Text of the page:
Principal Charity Classic Named PGA TOUR Champions Tournament of the Year.

The PGA TOUR Champions has named the Principal Charity Classic as 2016 Tournament of the Year, presenting the annual Des Moines event with its coveted “President’s Award.” The PGA TOUR bestowed the honor Wednesday, December 7, during its annual meetings in Las Vegas.  Principal is the title sponsor of the Principal Charity Classic.

“We thank the PGA TOUR not only for this award, but for the opportunity over the last 10 years to sponsor an event that gives so much back to our community— especially our children,” said Beth Brady, senior vice president and chief marketing officer at Principal®. “And, it’s very meaningful to receive this honor during global volunteer week, a time when many of our 15,000 employees around the world are themselves giving back in their communities.”

The President’s Award is the highest tournament honor awarded by the PGA TOUR Champions annually and recognizes overall excellence, as well as the intangibles that make a tournament stand out among many successful events. This year marks the first time the Principal Charity Classic has been chosen to receive the President’s Award.

“The Principal Charity Classic has left a significant charitable footprint as well as an estimated $23 million annual economic impact on the greater Des Moines region,” said Iowa Governor Terry Branstad. “That matters to this state. It’s companies like Principal, as well as the volunteers, spectators and local businesses that step up every year, that make this tournament possible and keep our state moving forward.”

Principal celebrated the 10th Anniversary of its title sponsorship in 2016, which marked the tournament’s most successful year to date.

The 2016 Principal Charity Classic:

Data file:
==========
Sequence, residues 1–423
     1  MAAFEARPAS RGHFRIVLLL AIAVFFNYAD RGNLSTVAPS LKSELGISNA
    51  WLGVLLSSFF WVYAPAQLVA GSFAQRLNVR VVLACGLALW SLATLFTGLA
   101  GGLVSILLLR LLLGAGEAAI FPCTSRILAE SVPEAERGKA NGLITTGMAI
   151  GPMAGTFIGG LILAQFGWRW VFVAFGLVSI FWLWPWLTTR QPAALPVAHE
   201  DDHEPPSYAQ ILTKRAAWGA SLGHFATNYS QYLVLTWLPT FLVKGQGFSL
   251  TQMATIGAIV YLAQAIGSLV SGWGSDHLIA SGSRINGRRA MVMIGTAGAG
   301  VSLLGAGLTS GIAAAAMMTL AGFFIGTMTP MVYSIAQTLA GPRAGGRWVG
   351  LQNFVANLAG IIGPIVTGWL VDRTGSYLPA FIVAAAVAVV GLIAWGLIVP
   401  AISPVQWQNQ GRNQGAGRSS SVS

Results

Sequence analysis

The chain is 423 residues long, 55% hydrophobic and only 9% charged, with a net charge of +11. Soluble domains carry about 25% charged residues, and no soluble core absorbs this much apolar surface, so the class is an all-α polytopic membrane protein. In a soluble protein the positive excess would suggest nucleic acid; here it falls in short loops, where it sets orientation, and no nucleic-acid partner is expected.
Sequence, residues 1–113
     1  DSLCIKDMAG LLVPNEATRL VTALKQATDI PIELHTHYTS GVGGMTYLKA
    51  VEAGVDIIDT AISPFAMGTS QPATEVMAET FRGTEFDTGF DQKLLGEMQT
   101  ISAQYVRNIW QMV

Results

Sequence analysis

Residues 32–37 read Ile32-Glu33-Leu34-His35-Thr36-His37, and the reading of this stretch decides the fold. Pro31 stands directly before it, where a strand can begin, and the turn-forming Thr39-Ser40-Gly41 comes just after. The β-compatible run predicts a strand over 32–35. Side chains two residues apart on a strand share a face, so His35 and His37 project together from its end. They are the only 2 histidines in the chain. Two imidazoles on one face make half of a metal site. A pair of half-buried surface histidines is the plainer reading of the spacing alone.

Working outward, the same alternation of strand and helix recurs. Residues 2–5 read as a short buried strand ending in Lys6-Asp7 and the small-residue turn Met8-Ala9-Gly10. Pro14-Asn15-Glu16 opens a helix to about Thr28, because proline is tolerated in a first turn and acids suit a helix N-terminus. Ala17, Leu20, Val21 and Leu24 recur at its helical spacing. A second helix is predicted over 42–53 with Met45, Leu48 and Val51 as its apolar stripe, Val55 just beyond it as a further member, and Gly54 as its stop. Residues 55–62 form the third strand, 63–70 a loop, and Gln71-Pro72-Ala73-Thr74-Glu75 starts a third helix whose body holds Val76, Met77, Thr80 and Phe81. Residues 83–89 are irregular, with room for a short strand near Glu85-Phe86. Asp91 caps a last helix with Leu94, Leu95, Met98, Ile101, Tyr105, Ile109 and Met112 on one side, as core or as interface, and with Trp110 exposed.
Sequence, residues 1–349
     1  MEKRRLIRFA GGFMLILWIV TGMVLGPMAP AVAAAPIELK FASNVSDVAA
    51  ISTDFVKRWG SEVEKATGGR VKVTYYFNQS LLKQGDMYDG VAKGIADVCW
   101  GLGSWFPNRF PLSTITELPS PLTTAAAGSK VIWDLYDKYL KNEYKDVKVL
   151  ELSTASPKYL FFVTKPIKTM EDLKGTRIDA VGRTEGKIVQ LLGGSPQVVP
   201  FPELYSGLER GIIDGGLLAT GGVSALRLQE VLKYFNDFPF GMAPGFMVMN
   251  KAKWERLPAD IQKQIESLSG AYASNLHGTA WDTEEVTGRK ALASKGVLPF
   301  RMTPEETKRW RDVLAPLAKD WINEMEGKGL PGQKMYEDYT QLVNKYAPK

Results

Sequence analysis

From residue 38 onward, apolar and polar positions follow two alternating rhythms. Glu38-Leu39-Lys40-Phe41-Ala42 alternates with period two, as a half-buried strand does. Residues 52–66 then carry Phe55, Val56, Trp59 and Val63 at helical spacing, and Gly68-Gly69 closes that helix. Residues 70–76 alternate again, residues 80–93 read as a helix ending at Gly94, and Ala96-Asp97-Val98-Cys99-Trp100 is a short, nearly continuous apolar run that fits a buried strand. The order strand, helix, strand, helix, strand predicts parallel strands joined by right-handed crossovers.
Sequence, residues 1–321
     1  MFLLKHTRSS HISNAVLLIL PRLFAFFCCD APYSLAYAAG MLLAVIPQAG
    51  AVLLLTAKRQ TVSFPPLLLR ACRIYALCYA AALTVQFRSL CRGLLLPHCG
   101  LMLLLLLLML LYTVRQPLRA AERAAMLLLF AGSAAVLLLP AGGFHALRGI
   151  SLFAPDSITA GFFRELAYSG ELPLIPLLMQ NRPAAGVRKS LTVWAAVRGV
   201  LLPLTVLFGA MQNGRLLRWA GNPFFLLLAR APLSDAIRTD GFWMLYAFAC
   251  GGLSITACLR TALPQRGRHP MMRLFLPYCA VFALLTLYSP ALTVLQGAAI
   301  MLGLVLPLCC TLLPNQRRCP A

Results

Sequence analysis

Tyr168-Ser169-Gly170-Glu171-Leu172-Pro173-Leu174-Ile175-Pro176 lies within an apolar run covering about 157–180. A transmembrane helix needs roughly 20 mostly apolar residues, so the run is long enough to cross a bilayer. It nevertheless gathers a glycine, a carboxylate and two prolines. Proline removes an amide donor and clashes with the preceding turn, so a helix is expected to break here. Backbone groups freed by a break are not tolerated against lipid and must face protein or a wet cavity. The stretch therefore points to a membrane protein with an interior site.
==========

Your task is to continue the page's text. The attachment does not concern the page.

• Attracted a record 83,389 spectators to Wakonda Club during 2016 tournament week.
  • Donated a record $2,053,725 to Iowa children’s charities, including six regional Tournament Charity Partners and more than 100 statewide charity organizations through the tournament’s Birdies For Charity program.
  • Inspired increased engagement, with the tournament’s record 2016 donation representing a 46% increase over the previous year; the Principal Charity Classic’s all-time charitable giving total now stands at nearly $10 million in 10 years.
  • Introduced the MidAmerican Energy “Green Canyon” on holes 16 and 17 at Wakonda Club as a fan enhancement, designed to provide continuous content via LED ribbon boards and ease of access to food, drink and merchandise.
  • And also finished as one of the top nominees for the PGA TOUR Champions 2016 “Players Award” as voted on by the Player Advisory Council.

Scott McCarron claimed his first career PGA TOUR Champions victory at the 2016 Principal Charity Classic with a one-shot victory over Miguel Ángel Jiménez and Billy Andrade. McCarron would go on to win the Dominion Charity Classic in November and add two runner-up finishes during the year to wind up at No. 4 in the final Charles Schwab Cup standings.

The 2017 Principal Charity Classic will be played June 6-11 at Wakonda Club in Des Moines. To purchase your tickets, click here.


Iowa Children’s Charities Get Record Donation from Principal Charity Classic

Great golf. Check. Beautiful weather. Check. Record attendance. Check. Record amount given to charity. Check (literally).

The Principal Charity Classic presented by Wells Fargo has announced its 2016 tournament raised $2,053,725 for Iowa children’s charities. That’s the biggest annual donation in Principal Charity Classic history. It brings the tournament’s charitable giving total to nearly $10 million in 10 years.

“This community decided a decade ago to put kids first and created a golf tournament to do just that,” said Dan Houston, chairman, president and CEO of Principal®. “Year after year it kept growing. And here we are today giving Iowa children’s charities a record amount of money to help their organizations serve kids. That’s powerful.”

This year’s tournament, held May 31-June 5, attracted a record 83,389 spectators to the Wakonda Club. Principal is celebrating its 10th Anniversary as title sponsor of the Principal Charity Classic in 2016. Wells Fargo also marks a decade as presenting sponsor.